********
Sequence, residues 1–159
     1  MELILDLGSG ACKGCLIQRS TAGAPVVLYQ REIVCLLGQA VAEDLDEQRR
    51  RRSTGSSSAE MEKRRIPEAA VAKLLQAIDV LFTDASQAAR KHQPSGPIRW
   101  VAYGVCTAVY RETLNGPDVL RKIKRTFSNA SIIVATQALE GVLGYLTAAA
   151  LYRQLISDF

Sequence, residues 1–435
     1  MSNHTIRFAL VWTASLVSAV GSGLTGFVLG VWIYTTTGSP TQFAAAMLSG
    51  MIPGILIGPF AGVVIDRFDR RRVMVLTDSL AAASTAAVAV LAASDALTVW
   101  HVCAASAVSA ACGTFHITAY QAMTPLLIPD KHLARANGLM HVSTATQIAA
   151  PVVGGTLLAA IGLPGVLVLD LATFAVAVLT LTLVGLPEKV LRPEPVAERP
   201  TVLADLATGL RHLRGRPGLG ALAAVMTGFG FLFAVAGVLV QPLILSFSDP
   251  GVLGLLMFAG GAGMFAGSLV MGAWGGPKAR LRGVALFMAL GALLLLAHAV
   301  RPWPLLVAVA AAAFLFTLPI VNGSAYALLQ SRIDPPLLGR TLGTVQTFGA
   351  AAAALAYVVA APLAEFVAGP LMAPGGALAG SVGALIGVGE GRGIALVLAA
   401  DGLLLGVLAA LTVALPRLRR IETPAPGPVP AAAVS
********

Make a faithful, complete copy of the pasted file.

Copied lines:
Sequence, residues 1–159
     1  MELILDLGSG ACKGCLIQRS TAGAPVVLYQ REIVCLLGQA VAEDLDEQRR
    51  RRSTGSSSAE MEKRRIPEAA VAKLLQAIDV LFTDASQAAR KHQPSGPIRW
   101  VAYGVCTAVY RETLNGPDVL RKIKRTFSNA SIIVATQALE GVLGYLTAAA
   151  LYRQLISDF

Sequence, residues 1–435
     1  MSNHTIRFAL VWTASLVSAV GSGLTGFVLG VWIYTTTGSP TQFAAAMLSG
    51  MIPGILIGPF AGVVIDRFDR RRVMVLTDSL AAASTAAVAV LAASDALTVW
   101  HVCAASAVSA ACGTFHITAY QAMTPLLIPD KHLARANGLM HVSTATQIAA
   151  PVVGGTLLAA IGLPGVLVLD LATFAVAVLT LTLVGLPEKV LRPEPVAERP
   201  TVLADLATGL RHLRGRPGLG ALAAVMTGFG FLFAVAGVLV QPLILSFSDP
   251  GVLGLLMFAG GAGMFAGSLV MGAWGGPKAR LRGVALFMAL GALLLLAHAV
   301  RPWPLLVAVA AAAFLFTLPI VNGSAYALLQ SRIDPPLLGR TLGTVQTFGA
   351  AAAALAYVVA APLAEFVAGP LMAPGGALAG SVGALIGVGE GRGIALVLAA
   401  DGLLLGVLAA LTVALPRLRR IETPAPGPVP AAAVS